Terraform resource move

Recently I was working on a Terraform project, creating infrastructure and doing deployment tasks. In the same time I was making modules, and tailoring modules for our use. Our customer needed Azure SQL Databases, and I edited a module I found to suit the current needs.
Databases created, module used, everyone happy for now.

Later I realized that my server/database module did not ensure a stable and predictable infrastructure state!
In this post I will try to account for the actions I had to perform for reaching my preferred end state; a more stable solution.


When creating resources in Terraform, you can choose to use a resource block, or you can use a module block. My limited experience with both has taught me that the choice of either is important for future infrastructure changes. More often than not, I was using the resource block, and was mostly satisfied with the outcome. My problem starts when I see potential for improvement, and want to do this in a modular and repeatable fashion. If the resource in question already has been created by Terraform using a resource block, you can’t just snap your fingers and change it to a module block. Also, if you have created a resource by using a module, and that module needs to be split into several modules, it will require some work. This was my current challenge. Databases and server created with a single module, but I wanted to split them into two different modules for re-usability and predictable infrastructure state.

My challenge

I was using a single module which created an Azure SQL Server and databases supplied in an array. This creates many different problems, but my main concern was with the predictability of database creation. The database information input supplied in a list of objects like this:

variable "databases" {
  type = list(
  description = "List of databases to deploy."  
    name = string, 
    sku_name = string,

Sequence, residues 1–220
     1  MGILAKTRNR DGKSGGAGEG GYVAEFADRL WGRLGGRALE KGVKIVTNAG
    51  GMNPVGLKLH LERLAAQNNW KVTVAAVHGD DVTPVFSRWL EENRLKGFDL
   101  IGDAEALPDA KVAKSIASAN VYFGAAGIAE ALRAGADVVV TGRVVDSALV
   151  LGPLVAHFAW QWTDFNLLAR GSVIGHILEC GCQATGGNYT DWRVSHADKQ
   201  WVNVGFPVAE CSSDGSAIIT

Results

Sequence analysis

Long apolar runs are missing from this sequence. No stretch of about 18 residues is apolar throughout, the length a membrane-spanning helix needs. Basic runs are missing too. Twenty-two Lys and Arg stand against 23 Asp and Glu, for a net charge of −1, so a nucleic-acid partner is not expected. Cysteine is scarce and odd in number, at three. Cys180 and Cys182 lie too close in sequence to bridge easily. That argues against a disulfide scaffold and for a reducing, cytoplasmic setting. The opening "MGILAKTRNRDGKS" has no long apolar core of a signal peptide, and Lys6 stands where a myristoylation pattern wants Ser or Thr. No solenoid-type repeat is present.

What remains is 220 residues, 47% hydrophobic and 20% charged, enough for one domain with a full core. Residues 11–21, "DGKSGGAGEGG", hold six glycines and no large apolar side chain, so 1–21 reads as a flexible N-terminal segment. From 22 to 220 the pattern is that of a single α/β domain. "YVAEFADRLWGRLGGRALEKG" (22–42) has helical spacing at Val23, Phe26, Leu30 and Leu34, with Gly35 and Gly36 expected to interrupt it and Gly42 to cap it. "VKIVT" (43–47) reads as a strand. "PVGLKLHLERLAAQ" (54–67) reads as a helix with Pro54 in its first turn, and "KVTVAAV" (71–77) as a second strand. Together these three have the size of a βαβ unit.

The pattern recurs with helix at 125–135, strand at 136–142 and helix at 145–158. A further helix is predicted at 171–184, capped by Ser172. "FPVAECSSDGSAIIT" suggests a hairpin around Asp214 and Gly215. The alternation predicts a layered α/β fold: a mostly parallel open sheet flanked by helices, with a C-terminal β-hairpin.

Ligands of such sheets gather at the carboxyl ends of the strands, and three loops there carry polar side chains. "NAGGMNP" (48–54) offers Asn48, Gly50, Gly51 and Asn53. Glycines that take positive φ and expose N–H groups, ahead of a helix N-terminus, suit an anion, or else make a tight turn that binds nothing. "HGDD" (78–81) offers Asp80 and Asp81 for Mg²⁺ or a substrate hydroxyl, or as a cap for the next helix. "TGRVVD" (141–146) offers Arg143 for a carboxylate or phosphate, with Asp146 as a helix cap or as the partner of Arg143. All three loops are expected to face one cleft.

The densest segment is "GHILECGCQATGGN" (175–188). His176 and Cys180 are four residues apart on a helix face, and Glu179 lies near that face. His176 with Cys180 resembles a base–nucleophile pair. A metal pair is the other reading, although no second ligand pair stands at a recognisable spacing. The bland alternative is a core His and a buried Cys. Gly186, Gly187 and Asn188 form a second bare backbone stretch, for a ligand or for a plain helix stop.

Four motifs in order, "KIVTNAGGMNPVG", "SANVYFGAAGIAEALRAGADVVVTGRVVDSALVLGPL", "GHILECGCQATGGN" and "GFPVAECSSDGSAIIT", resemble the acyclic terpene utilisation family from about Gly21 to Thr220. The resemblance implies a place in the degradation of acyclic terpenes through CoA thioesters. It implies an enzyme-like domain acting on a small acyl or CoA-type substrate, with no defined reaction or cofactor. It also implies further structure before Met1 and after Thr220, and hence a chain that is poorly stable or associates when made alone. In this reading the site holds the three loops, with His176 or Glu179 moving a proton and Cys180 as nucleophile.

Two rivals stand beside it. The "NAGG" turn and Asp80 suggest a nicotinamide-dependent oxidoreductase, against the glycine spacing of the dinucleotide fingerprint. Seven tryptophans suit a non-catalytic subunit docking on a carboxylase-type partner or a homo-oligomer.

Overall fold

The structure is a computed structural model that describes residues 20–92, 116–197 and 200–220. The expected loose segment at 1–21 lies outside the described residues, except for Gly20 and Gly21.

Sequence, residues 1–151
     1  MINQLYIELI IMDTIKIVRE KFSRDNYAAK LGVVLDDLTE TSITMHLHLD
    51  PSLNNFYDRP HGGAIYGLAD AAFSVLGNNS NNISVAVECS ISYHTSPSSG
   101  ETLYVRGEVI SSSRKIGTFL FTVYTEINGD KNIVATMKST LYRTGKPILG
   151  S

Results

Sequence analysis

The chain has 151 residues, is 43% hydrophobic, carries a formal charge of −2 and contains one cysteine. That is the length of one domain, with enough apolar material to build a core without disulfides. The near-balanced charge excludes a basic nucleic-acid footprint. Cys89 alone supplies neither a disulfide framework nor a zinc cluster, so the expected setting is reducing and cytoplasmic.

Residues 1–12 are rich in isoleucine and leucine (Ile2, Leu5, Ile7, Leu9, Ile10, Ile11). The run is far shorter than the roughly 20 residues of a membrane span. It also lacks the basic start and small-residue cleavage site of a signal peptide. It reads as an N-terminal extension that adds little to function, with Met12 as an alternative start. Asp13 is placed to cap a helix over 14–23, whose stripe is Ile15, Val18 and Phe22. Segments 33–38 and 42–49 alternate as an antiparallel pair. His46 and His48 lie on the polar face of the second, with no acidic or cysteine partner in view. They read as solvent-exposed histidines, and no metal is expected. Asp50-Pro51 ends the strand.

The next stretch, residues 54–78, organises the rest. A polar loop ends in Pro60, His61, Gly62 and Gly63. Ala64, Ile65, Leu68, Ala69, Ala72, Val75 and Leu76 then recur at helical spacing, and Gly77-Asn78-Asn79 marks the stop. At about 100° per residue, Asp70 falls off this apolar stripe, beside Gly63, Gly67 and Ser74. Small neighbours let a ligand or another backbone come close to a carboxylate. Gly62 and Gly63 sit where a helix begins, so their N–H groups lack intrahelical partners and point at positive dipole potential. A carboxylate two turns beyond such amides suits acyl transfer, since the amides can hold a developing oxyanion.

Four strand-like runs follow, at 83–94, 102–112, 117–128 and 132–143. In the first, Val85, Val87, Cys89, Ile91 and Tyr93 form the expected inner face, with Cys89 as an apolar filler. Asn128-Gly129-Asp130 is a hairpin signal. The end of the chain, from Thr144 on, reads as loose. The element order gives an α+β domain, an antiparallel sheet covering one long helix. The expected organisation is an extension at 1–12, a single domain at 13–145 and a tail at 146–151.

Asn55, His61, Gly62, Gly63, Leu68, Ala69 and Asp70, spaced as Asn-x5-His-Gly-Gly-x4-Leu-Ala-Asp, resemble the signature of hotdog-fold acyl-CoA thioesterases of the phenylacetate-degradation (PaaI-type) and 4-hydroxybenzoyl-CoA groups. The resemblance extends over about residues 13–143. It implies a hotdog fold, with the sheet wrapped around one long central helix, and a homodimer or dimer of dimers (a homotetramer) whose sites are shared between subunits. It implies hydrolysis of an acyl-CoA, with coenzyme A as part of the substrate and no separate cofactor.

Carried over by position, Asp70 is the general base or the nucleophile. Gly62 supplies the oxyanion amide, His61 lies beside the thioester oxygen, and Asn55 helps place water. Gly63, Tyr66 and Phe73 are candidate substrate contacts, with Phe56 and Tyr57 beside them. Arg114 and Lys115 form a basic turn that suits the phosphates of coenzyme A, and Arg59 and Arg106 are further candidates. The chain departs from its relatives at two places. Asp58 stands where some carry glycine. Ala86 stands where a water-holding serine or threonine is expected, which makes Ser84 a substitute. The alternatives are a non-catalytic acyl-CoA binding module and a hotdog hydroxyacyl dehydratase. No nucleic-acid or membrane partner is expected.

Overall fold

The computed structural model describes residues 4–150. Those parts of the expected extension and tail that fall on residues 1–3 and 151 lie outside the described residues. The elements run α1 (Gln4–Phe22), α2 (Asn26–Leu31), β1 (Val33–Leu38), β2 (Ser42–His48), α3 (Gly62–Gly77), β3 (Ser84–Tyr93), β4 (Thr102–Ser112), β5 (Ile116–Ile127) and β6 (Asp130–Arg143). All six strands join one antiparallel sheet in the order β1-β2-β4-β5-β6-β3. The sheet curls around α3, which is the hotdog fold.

license_type = string, 
    min_capacity = number, 
    auto_pause_delay = number, 
    collation = string, 
    max_size_gb = number, 
    tags = map(string), 

The first issue with this method of creating databases, is with default values on object strings. This has become an experimental preview functionality in Terraform 0.15, but we are currently on the latest 0.14, and do not want to utilize experimental features at the moment.

The result of this issue is that every setting on objects in the supplied database list must have a value. If not, the Terraform validation will fail.

The second issue with this method is the actual order of databases in the list. If I need to remove a database, add a database, or do any other changes to the order of the list, some unwanted changes will inevitably be necessary. I tried removing the first database in the list, and all of the other databases had to be replaced with the next one… The list order can be fixed, I am sure, but this was not the quick fix I was looking for. Something else had to be done.

The result of this issue is that every change in the list order, will cause unchanged database resources to be changed.

Another challenge with this module is that all future changes to database configuration is unnecessarily complex. If I, for example, wanted to add some optional setting, I would have to add this to the object configuration. Then I would have to explicitly set it for each database, even if it was the default setting. This is far from ideal, and not how modules are supposed to work.

Preparations for the fix

I had started to form a plan for fixing this, and it included creating a separate module for databases. That is the end state, however, and before getting there some advanced terraforming had to be done!
My experience with Terraform so far, has been with what I assume is the most commonly used, standard commands:

  • terraform validate
  • terraform plan
  • terraform apply
  • terraform destroy

To perform this module split without destroying and re-creating the databases in question, I would have to try a new kind of command – terraform state mv.

Another aspect to be aware of, is running devops pipeline vs local. This customer has an Azure DevOps Multi-Stage YAML Pipeline running validation, planning, and applying the Terraform config. For this fix I had to do a temporary local execution in my WSL2 Ubuntu 20.04. I have already installed the correct version of Terraform there. When running this locally, be sure to check the Terraform versions, as updating a remote Terraform 0.14.0 with Terraform 0.14.5 binary, can result in unwanted consequences.